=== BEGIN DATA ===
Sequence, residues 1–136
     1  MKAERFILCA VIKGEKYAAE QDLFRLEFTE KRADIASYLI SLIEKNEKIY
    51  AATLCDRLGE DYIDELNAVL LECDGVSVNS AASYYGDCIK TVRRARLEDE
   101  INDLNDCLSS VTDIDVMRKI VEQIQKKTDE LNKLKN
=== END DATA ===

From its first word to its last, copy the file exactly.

Sequence, residues 1–136
     1  MKAERFILCA VIKGEKYAAE QDLFRLEFTE KRADIASYLI SLIEKNEKIY
    51  AATLCDRLGE DYIDELNAVL LECDGVSVNS AASYYGDCIK TVRRARLEDE
   101  INDLNDCLSS VTDIDVMRKI VEQIQKKTDE LNKLKN